The Diamond Princess cruise ship has almost 3700 passengers and crew in quarantine off the coast of Yokohama, after an infected passenger flew from Wuhan to Tokyo and spread the disease to others on board.
The Department of Foreign Affairs and Trade has confirmed it is aware of the situation, and is urgently seeking information on the welfare of the Australians on board.
The ship has been placed in quarantine for 14 days, and the infected passengers are being treated on mainland Japan.
Japanese doctors are on board checking every passenger’s temperature, in a bid to contain a potential mass outbreak.
It’s believed more than 200 Australian citizens are on the ship, which had a 14-day itinerary around Japan and Hong Kong.
Passengers claim they have not been given food in almost 24 hours after the ship was quarantined and all on board were confined to their rooms.
Pulitzer Prize-nominated author Gay Courter is one of the thousands of people trapped on board.
The 75-year-old American was travelling with close friends, including her family doctor and his wife.
She said there were hall monitors to make sure everyone stayed in their cabins and that they were not being updated on the situation regularly.
“All information comes to us primarily from the captain who makes periodic announcements. He started off as a very cheery captain saying that he was on the Diamond Princess ‘the happiest ship on the seas,’ now he just sounds more and more tired and defeated,” she said.
She said one of the main reasons for the lack of communication was that the ship’s management was at the mercy of the Japanese authorities,” but that they had also made tactical errors.
“As soon as they learned that a passenger who was on the ship for five days between Yokohama and Hong Kong had tested positive for the virus, they should have immediately put into effect infection controls like they do when there is a norovirus (gastro) on the ship,” she said.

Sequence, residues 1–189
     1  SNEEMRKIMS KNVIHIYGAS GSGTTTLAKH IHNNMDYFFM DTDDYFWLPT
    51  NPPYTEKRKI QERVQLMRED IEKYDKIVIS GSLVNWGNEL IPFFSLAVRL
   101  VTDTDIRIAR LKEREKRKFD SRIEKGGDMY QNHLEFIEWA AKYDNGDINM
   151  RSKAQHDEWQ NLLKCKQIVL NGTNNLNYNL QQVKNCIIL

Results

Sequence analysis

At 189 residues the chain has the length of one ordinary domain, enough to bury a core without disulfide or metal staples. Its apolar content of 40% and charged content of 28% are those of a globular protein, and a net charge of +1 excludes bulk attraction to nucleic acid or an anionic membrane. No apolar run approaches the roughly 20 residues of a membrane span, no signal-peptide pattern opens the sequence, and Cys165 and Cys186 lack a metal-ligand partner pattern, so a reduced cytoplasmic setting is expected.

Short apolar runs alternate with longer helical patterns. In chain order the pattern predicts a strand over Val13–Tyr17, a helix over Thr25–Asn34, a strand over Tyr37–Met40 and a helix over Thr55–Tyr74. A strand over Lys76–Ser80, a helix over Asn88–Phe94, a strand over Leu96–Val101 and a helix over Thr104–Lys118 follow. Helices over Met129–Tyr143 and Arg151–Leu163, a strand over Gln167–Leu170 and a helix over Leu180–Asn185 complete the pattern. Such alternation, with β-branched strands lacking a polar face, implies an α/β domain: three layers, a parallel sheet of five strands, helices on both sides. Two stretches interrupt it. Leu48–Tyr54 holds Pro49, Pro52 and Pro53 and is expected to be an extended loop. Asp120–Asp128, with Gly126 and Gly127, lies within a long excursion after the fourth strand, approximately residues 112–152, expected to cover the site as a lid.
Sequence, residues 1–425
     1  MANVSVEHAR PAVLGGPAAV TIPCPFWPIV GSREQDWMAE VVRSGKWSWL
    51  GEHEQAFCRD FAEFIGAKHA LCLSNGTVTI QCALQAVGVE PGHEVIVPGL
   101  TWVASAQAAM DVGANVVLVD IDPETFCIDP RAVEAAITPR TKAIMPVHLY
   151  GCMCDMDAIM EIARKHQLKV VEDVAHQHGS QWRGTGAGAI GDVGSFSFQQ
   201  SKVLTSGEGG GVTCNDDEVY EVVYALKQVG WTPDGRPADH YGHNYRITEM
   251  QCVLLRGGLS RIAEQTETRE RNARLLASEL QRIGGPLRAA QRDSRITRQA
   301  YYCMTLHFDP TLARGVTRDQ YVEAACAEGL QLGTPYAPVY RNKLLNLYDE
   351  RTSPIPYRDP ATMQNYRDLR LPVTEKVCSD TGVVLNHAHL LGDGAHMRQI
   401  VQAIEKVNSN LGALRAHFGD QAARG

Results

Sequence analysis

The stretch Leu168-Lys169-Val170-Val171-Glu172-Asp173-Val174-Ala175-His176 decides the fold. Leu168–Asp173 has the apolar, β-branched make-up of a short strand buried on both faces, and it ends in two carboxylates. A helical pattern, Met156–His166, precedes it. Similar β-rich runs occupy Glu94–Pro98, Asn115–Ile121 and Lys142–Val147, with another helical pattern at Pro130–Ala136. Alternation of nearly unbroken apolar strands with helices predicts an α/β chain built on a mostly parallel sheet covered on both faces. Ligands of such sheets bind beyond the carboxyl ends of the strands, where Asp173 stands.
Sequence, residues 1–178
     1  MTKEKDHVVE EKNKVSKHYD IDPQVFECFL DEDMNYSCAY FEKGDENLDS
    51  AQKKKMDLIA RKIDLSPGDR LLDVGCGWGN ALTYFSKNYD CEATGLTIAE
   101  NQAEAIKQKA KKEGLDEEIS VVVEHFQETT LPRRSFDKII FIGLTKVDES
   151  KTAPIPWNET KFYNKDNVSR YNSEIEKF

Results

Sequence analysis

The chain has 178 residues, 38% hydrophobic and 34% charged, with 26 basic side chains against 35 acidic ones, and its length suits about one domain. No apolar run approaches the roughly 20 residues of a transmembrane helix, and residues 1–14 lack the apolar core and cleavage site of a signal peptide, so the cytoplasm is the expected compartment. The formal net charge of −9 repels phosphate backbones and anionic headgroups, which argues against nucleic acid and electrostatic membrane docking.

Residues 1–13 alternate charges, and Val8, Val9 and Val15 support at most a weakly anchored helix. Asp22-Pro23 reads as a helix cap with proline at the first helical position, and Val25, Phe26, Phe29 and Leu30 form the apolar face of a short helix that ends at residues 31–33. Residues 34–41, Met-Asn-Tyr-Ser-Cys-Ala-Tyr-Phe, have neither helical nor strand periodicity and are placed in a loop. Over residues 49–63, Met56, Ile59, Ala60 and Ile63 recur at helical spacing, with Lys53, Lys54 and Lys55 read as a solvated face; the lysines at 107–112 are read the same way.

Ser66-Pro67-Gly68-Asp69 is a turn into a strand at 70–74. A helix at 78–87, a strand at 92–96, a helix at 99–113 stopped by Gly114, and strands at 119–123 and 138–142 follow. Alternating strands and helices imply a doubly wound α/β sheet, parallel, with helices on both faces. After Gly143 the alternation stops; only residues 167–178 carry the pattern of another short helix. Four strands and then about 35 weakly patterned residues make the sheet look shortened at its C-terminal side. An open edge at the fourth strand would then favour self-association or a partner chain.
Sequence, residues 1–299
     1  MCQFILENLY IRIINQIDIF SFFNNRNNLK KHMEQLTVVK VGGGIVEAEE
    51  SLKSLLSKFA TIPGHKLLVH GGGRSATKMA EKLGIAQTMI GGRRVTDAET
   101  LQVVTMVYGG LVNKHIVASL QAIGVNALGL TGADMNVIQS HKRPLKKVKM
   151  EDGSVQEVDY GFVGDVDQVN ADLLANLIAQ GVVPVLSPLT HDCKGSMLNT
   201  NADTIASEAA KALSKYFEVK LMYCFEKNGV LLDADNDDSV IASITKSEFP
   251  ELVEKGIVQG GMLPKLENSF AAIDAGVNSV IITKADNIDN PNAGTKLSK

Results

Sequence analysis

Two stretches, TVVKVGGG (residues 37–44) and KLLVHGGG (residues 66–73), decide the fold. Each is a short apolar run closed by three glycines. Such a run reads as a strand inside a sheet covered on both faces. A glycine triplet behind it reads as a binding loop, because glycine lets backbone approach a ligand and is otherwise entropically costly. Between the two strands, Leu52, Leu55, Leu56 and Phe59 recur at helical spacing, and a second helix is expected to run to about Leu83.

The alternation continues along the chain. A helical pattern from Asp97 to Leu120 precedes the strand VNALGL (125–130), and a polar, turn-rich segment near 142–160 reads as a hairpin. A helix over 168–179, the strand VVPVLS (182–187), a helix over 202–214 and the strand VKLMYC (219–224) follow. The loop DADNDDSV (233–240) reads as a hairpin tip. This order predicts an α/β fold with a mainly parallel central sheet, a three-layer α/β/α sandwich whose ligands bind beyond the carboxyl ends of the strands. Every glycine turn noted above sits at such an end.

“Also, they did not restrict the movement of passengers until the Japanese authorities insisted everyone be tested and therefore we were allowed to mingle and continue regular activities in large groups.”
Australian passenger Katherine Jones said that they now had live TV including access to ABC broadcasts in Australia.
“We are currently out of the harbour to capture sea water to run their desalination plant to top up our water supply and will return in the morning to pick up supplies,” she told the Herald and The Age.
Paul and Jacqui Fidrmuc are two other Australians stranded on board. “It’s going to be a bit difficult,” Ms Fidrmuc told Nine News.
“We’re here for the long haul … we could jump overboard but it’s a bit cold,” she joked.
The couple were concerned that the symptoms of the virus could take up to two weeks to appear.
“We could have it right now, we would not know,” Mr Fidrmuc said.
Two Australians have been diagnosed with the disease, out of at least 10 passengers who have the coronavirus.
The catalyst for the virus’s spread was an 80-year-old man who flew into Tokyo on January 17 with his two daughters before developing symptoms.
He boarded the ship in Yokohama on January 20, before disembarking in Hong Kong five days later and never returning. He is in hospital in Hong Kong and has been diagnosed with the coronavirus.
Since then Japan’s Health Minister has said 10 additional passengers have also tested positive.
Federal Health Minister Greg Hunt said 13 Australians had been diagnosed with the coronavirus, including the two on the cruise ship.
“I have been informed the Department of Foreign Affairs and Trade has been able to confirm two Australians with coronavirus on a cruise ship in Japan,” he told federal Parliament.
“They will be provided medical assistance and I’m advised they will be given passage to an appropriate medical facility in Japan and we thank the Japanese government for that.”
On Wednesday night, the number of infected people in Australia rose to 14 after Queensland reported its fourth case – a 37-year-old Chinese national from Wuhan.